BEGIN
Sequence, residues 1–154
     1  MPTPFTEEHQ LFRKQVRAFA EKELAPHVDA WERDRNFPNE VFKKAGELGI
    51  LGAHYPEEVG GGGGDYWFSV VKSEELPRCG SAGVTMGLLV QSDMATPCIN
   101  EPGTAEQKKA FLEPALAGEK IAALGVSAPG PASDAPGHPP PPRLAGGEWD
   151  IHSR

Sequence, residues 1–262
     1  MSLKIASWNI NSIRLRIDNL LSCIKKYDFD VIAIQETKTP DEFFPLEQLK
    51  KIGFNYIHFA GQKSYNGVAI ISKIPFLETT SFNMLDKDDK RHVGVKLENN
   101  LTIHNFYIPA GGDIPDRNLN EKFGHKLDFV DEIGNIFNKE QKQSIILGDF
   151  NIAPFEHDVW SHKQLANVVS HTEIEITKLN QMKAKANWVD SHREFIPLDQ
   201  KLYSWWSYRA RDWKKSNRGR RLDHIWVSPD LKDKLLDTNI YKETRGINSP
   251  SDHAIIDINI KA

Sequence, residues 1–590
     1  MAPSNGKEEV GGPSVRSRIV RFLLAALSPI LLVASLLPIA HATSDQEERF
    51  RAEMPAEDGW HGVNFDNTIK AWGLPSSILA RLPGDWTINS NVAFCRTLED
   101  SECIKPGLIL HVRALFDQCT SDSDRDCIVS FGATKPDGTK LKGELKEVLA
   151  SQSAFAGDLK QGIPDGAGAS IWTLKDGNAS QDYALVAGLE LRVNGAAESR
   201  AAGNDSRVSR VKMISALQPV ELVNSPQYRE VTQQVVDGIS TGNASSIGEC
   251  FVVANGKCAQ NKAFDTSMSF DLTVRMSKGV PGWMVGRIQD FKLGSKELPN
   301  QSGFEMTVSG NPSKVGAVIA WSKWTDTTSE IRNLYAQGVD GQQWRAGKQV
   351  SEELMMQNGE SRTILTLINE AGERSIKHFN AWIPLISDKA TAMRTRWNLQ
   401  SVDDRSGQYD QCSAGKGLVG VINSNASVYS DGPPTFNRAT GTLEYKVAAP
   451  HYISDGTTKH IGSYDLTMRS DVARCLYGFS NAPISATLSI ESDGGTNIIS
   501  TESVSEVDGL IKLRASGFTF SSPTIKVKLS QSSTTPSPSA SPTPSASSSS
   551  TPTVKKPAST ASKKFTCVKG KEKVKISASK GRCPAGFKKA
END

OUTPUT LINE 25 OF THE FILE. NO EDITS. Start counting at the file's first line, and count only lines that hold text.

   551  TPTVKKPAST ASKKFTCVKG KEKVKISASK GRCPAGFKKA